Last Sunday we went to see the Pantomime Horse Race in Greenwich, south London. Despite the snow, ice, slush and sleet, we set out for Greenwich by train, well wrapped up against the wintry weather and with an essential supply of chocolate flavoured biscuits in our bags*. As soon as we were on the platform, looking up and down the white railway lines, I wondered whether we had been somewhat hasty in our enthusiasm to see the event. But once we were on the train, the heaters under the seats restored our interest in having an unusual day out.
* "bags" Insert vowel and keep B clearly thick, as it is similar to "packs, pockets, buckets" - all containers
Such events always involve some waiting around for things to begin*, so we allowed plenty of time to get there, and walked around Greenwich Park, now white instead of green. There are a lot of grassy slopes in this park and we could* see children and adults sliding down and toiling up on the steeper ones with their lightweight plastic sledges. There were a few small snowmen dotted about, quite a feat of construction*as the snow was barely an inch thick, but there was no difficulty finding twigs and stones for the features. We walked up the hill to the Royal Observatory and looked out over the snowy landscape*, with the cold grey river Thames in the distance. A curtain of fine sleet entirely obscured the top halves of all the tall buildings at Canary Wharf on the far bank. How strange for those in the upper offices to see nothing but white out of the window instead of the usual far-reaching views.
* "to begin" Through the line, similar to the short form phrase "to be", similarly "to become"
* "we could" Not phrased, so it is not misread as "we can"
* Omission phrase "of (con)struction"
* "landscape" it is the halved L that is in position, so it does not matter where the base of the P ends up
As the time of the race neared*, we made our way to the grounds of Devonport House. Just before getting there, we saw two police officers on horses coming down the road. Clearly the police horses had requested to be present today, in order to*display their intelligence and calm behaviour, as a fitting contrast to the daft humans in their costumes showing much less decorum than they were. The start time was delayed and meanwhile it had begun to snow with proper*big flakes, much more acceptable than the slushy droplets that had been falling earlier. At last* all the panto horses arrived at the start line, looking very colourful and full of energy, and with larger than usual horses’ feet, covering what I hoped were trainers with good rubber soles to grip the icy patches on the road. The race consists of lots*of short dashes between all the local pubs, taking in short drinks in each one. The first stop was just across the road, and they all managed to arrive at the same time with no straggling* but much noise and merriment.*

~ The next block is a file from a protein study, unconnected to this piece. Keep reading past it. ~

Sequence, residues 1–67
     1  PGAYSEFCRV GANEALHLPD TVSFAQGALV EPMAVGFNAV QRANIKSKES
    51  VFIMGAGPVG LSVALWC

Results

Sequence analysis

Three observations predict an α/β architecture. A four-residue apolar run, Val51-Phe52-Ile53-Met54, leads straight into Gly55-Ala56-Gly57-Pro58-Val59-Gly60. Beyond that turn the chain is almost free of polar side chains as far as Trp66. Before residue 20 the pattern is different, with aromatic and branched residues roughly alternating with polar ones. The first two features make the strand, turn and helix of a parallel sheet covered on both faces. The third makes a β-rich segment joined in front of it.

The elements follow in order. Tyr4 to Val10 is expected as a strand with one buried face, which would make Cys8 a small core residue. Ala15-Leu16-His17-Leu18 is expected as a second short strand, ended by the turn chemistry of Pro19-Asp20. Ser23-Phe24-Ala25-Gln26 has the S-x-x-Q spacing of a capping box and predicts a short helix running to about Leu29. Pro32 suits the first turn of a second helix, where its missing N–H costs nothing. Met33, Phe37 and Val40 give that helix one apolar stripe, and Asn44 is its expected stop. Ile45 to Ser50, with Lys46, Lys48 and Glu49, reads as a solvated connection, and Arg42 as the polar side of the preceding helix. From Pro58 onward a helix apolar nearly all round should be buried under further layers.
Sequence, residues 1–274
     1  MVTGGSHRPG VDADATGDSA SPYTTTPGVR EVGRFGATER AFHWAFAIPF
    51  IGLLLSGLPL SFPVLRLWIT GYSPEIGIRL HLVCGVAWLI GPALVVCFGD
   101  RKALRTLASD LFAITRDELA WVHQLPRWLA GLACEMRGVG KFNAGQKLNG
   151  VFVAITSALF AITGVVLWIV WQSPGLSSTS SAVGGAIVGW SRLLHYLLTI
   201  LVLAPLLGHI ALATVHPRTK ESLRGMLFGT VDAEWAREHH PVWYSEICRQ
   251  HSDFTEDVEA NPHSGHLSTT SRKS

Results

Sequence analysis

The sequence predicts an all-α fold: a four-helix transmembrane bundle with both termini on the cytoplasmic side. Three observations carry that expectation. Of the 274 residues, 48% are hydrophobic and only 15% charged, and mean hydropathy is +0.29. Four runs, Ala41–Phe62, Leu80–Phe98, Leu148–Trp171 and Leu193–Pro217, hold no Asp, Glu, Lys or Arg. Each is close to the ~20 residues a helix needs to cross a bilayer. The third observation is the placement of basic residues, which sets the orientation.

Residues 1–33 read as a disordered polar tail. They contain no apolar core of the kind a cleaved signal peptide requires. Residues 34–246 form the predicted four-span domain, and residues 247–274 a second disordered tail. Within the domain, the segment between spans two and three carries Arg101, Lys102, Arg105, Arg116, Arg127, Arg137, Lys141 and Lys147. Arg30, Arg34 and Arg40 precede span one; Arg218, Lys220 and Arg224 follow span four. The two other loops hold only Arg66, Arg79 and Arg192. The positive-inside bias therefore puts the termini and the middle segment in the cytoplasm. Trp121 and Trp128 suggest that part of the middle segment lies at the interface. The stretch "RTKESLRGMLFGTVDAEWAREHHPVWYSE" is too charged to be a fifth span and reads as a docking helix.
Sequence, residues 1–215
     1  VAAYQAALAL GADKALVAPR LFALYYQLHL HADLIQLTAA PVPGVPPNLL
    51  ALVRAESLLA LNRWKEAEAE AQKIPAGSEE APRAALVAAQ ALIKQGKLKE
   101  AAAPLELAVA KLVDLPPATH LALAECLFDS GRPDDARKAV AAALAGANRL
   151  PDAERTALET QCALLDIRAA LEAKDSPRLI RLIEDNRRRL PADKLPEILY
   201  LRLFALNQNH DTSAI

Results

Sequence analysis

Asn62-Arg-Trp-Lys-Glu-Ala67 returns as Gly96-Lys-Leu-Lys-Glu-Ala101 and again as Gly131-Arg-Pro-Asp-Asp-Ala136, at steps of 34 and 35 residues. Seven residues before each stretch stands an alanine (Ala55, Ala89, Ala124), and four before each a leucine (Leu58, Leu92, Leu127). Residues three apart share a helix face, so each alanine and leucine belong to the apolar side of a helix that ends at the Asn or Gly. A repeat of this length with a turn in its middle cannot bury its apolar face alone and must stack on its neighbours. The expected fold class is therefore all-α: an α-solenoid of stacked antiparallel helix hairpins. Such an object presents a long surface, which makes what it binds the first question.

* "neared" Halved version of short form "near". Not thickened, as that is used for the "ing-gered/inkered" series of sounds
* Omission phrase "in ord(er to)"
* "proper" Always insert the first vowel, and the diphone in "appropriate" as these are similar in outline and meaning
* "at last" "at least" Always insert the vowel
* "lots" "masses" Always insert the vowel
* "straggling" Helpful to insert vowel, as it could also make sense as "struggling"
* "merriment" Using "-nt" for the suffix where "-ment" cannot join
Their arrival at the second pub at the other end of the road was a little more drawn out, but still full of enthusiasm and energy. The dash to the third pub round the corner was slightly downhill, so that was a help to all the horse legs that had failed to practise their running and endurance skills. The fourth pub was immediately opposite the third, so that section of the race took about three seconds, but with no less speed, cheering and noise. We finally saw them run off towards the fifth pub, with legs getting noticeably tired and some of the horses’ heads wobbling about and costumes going awry. I am not sure whether they were suffering from the cold, from the heat of running in costume, or from all the shots that they were drinking. As they disappeared down the road, we decided we had enough photos*and made our way back to the train station. Our fingers were quite frozen*, the gloves getting wet and the camera getting snowed on. There would be more fun and games at the end of the main race, as the first five winners undertook a further obstacle course to determine the overall winner.
* "photos" "videos" Insert the vowel, as theye are similar in outline and meaning
* "frozen" "freezing" Insert the first vowel, as they are similar in outline and meaning
There was never any doubt that the race would go ahead despite the snow, and I think that the weather conditions just added to the silliness, daftness and sheer doggedness of the event. After all, extra cold requires extra drinks, an incentive to press on rather than give up or cancel. I think next year we might be able to follow it all the way round, as by then I will have discovered the best combination of gloves and mittens to keep the fingers operational and actually moving when required. The purpose of the race, apart from the fun had by participants and onlookers, is to raise money for charity, and that is really the main reason why nothing the weather could throw at them would put them off completing this uproarious and nutty spectacle all the way to its soggy but triumphant conclusion. (796)
|You can't beat the real thing when you have a need for speed|